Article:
After a prayer and playing of the “Star-Spangled Banner,” General Douglas MacArthur gave a short speech, saying:
It is my earnest hope - indeed the hope of all mankind - that from this solemn occasion a better world shall emerge out of the blood and carnage of the past, a world founded upon faith and understanding, a world dedicated to the dignity of man and the fulfillment of his most cherished wish for freedom, tolerance and justice.General Douglas MacArthur
The ship has a plaque in its deck to commemorate the exact spot where the table stood with the surrender document that was signed to bring World War II to a close.
The Surrender Ceremony, which formally brought an end to the bloodiest conflict in human history, lasted just 23 minutes.
Some time later, MacArthur would broadcast this message on the day’s events:
General Douglas MacArthur
As Mr B and I were leaving the Surrender Deck, I spotted this small plant growing from a small break in the Missouri's teakwood deck. I took it as a sign of Hope.
USS Missouri Tours & Information
Updated: January 2024
How to Get There
The Missouri is located on Ford Island, which you can visit by hopping on one of the shuttles that leave the Arizona Memorial Visitors Center every 15 minutes. Military The last shuttle returning visitors to the Pearl Harbor Visitor Center leaves the Museum at 5:00 p.m.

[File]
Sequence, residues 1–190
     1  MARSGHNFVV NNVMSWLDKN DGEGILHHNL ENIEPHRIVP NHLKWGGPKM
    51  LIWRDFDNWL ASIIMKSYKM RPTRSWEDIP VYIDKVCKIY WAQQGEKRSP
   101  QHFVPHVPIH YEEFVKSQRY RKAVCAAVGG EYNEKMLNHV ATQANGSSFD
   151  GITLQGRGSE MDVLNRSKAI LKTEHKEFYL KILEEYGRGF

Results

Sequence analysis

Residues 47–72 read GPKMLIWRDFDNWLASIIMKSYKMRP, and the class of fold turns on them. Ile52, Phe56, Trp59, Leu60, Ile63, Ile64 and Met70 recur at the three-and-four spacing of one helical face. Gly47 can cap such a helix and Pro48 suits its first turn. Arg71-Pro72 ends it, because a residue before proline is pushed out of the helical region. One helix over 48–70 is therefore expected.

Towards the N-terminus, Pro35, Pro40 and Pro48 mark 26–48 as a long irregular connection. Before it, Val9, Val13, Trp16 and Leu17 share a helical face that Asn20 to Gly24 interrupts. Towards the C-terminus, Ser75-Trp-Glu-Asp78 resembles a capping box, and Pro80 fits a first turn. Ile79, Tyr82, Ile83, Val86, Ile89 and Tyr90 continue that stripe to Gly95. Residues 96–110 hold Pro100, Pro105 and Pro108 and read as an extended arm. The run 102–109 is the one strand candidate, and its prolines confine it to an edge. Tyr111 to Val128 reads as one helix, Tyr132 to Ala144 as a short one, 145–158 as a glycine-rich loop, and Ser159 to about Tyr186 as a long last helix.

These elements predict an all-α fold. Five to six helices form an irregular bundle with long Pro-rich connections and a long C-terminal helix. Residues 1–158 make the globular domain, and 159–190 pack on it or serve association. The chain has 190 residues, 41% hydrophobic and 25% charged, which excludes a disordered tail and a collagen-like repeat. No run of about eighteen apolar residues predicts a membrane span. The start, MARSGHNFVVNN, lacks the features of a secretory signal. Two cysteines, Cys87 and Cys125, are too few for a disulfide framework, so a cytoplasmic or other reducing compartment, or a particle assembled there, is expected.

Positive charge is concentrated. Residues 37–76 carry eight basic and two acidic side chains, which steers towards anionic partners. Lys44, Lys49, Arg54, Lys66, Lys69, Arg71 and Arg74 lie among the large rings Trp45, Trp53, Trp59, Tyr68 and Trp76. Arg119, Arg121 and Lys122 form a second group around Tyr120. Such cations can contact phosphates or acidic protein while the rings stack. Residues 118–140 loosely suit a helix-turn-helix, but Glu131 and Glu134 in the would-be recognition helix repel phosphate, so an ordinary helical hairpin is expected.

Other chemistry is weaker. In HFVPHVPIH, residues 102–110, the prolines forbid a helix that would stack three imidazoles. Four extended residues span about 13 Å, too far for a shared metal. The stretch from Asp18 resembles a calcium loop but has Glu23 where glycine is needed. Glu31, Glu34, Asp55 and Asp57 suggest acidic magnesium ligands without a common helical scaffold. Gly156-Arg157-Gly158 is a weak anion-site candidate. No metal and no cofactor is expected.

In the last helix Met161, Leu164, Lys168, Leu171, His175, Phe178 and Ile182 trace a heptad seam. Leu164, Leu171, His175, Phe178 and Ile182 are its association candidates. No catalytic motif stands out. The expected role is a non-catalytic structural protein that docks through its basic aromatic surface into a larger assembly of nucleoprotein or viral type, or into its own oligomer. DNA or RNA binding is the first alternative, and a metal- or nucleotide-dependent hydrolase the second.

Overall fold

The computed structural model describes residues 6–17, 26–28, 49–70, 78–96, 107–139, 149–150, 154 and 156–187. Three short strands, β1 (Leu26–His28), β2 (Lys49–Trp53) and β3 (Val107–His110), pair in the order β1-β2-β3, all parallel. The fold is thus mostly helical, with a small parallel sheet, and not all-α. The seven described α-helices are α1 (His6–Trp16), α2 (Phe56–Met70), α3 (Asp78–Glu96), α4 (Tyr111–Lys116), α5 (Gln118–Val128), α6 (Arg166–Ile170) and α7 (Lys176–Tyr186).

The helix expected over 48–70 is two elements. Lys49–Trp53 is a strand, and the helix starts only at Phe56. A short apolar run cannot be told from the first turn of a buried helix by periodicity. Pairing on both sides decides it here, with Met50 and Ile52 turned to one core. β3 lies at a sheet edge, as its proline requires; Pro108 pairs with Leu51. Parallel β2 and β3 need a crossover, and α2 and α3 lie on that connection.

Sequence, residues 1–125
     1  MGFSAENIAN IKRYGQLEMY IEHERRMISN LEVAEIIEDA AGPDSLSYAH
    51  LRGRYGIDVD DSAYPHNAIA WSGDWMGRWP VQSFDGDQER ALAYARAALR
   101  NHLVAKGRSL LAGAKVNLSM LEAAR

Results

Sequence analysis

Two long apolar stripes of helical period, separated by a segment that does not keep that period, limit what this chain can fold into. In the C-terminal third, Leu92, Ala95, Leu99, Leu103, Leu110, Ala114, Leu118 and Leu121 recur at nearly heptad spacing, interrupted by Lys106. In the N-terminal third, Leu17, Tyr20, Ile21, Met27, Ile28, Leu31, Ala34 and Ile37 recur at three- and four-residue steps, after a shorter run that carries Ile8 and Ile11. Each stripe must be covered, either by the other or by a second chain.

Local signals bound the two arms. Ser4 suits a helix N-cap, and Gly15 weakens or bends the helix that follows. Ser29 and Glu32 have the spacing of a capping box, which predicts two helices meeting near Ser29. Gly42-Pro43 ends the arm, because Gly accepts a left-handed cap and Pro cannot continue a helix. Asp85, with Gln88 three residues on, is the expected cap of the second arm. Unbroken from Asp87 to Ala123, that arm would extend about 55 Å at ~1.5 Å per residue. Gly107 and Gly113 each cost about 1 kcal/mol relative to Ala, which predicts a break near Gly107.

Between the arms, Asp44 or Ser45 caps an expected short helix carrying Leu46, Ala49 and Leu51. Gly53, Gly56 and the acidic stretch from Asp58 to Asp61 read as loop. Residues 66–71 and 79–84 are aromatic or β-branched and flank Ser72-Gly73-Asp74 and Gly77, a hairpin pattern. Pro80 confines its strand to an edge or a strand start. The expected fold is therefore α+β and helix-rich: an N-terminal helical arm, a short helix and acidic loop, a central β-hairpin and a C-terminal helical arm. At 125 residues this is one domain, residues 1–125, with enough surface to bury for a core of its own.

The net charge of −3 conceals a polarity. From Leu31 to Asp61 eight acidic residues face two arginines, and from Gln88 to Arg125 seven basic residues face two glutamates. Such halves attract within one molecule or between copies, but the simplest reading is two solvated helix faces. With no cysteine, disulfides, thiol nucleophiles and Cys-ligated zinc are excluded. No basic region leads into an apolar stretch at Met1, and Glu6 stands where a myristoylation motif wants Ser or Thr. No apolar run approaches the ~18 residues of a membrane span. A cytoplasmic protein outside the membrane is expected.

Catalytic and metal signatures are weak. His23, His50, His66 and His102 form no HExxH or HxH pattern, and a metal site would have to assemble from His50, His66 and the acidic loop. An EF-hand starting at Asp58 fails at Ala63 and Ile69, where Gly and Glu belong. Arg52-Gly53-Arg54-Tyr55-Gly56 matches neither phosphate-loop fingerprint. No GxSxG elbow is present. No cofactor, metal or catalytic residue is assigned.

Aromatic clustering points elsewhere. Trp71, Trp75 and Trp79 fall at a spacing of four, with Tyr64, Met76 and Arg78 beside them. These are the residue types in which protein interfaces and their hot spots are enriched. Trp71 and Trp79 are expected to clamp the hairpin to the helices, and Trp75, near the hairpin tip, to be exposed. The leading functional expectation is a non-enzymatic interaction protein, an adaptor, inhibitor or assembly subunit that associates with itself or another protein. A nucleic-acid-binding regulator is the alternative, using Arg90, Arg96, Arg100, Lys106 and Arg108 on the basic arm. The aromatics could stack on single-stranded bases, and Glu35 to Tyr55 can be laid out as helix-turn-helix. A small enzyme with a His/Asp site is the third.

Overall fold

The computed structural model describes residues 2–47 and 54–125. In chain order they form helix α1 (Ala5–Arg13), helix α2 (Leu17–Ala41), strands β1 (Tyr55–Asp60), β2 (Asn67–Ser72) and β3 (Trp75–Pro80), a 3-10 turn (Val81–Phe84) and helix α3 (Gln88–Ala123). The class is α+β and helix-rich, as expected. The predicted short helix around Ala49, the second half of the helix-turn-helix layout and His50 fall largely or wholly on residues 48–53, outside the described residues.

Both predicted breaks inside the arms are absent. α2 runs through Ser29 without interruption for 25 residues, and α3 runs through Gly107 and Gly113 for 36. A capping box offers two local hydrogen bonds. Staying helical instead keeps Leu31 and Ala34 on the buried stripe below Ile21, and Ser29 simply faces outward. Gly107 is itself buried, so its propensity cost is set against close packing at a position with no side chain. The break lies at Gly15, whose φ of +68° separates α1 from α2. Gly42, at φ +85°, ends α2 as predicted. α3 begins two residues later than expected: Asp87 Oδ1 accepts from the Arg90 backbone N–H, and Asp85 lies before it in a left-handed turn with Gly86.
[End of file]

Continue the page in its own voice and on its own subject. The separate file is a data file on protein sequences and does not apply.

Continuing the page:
Personnel and Military Contractors with valid ID access can directly visit the Ford Island.
Hours & Entrance Fees
The Battleship Missouri Memorial is open daily from 8 a.m.to 4 p.m. (last admission: 3:00 p.m.). The Memorial is closed on Thanksgiving Day, Christmas Day, and New Year's Day.
- Adults: $34.99
- Children (4-12): $17.49
Tickets are not required in advance. The pass includes admission and a guided tour. You are also free to tour the ship on your own. Plan for at least an hour and a half for travel time and tour.
Upgraded tours are available for an additional fee. Tours are fully ADA accessible.
For security reasons, no bags are allowed on the shuttle bus to Ford Island. A bag storage facility, located at the Bowfin Submarine Park shuttle bus stop, can store your belongings for a fee.
For more information or to reserve a tour, visit ussmissouri.org.
Hawaiian Dining & Recipes
Our Hawaiian vacation inspired a waterfall of recipes! (If you can only pick one, we recommend the Kahuku Shrimp - they are Amazing!) Be sure to check out our recommendations for dining on a budget in Oahu, too!